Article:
FIRES OF VARANASI in the India Dance Festival in The Hague

Fires of Varanasi: Dance of the Eternal Pilgrim by the Ragamala Dance Company.

Contrary to Western belief that death is the end, Hindus believe it to be only the beginning. The ancient holy city of Varanasi, on the banks of the Ganges in the northern Indian state of Uttar Pradesh, is where life and death become one and continue together in the eternal afterlife – death being the beginning of a never ending pilgrimage. The idea for Fires of Varanasi: Dance of the Eternal Pilgrim was born when mother and daughter Aparna and Ranee Ramaswamy scattered the ashes of their father/grandfather in the sacred river.

Aparna and Ranee’s Ragamala Dance Company was founded in 1992, their work taking its inspiration from the South Indian dance form of Bharatanatyam. Based in Minneapolis in the United States, it is a rare treat and privilege to see the company perform in the Holland taking part in the India Dance Festival at the Korzo Theater in The Hague.

First impressions were of the setting. We are used to seeing dance in the ubiquitous black box, relying on lighting to create the mood and atmosphere. Fires of Varanasi takes place on a suitably exotic and very symbolic set. At the back of the stage are  steps like those in Varanasi which lead down to the river. In front of them and on either side of the stage are three long rectangular pools of water. Hanging from above are fourteen brass bells. So, the scene is set.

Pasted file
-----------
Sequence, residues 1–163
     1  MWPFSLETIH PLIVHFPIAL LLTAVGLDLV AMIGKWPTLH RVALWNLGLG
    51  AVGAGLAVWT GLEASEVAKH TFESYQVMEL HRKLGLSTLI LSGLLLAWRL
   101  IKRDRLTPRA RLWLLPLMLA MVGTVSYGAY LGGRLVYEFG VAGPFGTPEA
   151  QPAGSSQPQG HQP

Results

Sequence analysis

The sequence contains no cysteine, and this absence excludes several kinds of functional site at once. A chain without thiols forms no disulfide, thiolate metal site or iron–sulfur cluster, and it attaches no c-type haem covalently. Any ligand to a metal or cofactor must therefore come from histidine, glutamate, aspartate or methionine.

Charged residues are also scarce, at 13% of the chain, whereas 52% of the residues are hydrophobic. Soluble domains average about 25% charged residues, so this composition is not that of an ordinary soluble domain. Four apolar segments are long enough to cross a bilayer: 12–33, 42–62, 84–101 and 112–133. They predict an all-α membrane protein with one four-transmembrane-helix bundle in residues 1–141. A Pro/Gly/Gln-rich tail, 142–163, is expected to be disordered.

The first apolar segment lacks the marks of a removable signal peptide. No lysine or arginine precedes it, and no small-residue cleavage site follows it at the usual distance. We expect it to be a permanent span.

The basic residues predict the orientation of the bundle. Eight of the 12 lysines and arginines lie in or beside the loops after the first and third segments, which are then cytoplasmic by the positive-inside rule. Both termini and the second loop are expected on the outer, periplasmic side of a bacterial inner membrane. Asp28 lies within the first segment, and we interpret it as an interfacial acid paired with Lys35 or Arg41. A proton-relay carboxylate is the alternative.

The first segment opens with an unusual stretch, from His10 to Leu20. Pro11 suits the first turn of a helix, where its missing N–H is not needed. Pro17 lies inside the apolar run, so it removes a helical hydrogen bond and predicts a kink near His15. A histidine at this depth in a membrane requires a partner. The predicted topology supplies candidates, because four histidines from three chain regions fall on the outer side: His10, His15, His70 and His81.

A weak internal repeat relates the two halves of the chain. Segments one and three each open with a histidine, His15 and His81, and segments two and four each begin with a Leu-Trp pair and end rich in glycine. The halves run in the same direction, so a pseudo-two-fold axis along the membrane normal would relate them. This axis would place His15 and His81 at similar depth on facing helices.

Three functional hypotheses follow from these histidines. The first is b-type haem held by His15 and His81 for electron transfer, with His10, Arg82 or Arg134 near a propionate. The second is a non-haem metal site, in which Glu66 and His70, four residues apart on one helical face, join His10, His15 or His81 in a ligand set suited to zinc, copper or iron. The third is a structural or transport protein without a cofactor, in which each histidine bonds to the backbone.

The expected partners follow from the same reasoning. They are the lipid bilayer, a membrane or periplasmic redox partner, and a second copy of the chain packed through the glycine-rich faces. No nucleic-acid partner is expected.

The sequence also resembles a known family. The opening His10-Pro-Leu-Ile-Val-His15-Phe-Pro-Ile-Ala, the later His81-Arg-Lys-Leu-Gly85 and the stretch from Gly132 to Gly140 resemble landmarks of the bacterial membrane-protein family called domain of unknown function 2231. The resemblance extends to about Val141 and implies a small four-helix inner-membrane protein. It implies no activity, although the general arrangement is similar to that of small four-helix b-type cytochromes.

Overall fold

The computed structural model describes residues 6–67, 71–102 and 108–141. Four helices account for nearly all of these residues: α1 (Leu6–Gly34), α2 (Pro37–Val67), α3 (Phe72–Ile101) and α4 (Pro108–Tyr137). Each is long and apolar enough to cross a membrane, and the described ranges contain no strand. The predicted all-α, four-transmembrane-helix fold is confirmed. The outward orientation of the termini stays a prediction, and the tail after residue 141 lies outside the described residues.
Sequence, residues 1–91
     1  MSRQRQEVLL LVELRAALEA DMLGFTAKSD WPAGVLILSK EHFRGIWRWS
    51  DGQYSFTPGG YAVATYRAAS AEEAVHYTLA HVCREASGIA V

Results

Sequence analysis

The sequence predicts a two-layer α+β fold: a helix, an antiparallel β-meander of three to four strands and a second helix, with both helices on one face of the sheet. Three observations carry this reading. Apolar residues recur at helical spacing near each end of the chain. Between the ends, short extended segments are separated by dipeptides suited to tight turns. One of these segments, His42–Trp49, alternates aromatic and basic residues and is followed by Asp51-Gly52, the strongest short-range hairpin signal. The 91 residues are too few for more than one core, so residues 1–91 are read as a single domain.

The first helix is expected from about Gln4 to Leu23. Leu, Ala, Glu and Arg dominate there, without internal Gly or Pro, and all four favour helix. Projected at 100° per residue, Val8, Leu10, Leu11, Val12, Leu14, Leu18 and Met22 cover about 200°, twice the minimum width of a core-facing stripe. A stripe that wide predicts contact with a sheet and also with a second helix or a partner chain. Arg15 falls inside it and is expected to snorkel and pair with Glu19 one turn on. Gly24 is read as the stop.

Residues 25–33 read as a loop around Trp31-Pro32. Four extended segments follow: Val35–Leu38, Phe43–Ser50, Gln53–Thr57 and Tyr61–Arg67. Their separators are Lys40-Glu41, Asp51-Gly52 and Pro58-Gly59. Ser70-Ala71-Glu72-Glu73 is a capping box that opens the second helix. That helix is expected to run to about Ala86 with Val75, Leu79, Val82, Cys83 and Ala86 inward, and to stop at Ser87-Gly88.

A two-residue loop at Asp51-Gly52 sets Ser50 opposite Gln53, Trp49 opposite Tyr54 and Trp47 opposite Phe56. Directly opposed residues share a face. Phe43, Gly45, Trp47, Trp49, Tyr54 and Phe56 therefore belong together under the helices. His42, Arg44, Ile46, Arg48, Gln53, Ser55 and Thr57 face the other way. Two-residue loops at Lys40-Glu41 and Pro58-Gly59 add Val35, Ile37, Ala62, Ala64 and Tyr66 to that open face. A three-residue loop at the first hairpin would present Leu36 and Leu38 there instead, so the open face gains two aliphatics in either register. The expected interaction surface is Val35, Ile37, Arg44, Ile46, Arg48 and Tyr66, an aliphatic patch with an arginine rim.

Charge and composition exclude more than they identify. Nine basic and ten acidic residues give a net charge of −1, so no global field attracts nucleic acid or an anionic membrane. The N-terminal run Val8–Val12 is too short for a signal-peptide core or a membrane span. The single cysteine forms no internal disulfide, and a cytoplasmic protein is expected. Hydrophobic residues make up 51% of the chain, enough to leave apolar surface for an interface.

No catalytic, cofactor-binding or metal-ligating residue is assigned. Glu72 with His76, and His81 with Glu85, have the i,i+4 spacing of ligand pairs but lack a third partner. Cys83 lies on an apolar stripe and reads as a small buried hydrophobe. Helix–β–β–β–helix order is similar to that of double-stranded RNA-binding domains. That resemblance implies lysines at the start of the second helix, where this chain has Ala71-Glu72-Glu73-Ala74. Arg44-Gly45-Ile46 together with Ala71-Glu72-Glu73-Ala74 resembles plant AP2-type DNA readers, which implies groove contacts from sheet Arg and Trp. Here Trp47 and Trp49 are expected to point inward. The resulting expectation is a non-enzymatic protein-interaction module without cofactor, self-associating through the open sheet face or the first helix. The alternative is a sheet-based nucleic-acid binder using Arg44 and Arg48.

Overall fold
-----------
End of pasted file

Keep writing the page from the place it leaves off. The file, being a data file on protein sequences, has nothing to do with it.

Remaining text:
The two priest-like male dancers enter carrying smoking urns of incense, candles float on the water and the performance begins. The music is mostly vocal, both male and female, to the accompaniment of sitar, tabla and flute – it would have been nice to have the music live on stage rather than recorded.

Most of the dancing is either solo or duet sequences performed by Aparna and Ranee Ramaswamy but the ensemble, consisting of the two male dancers and five other females, are usually onstage. There is one ensemble piece with giant shadows being cast on the back wall which is particularly effective.

Indian dance is full of symbolic movements like a sign language which only the initiated can follow or understand but in Fires of Varanasi  the gestures symbolizing ritual bathing or cleansing were a consent theme and easy to recognize. This was quite a major production, beautifully presented with fabulous costumes and music and must be considered one of the highlights of this year’s India Dance Festival. Michael Hasted  26th May 2024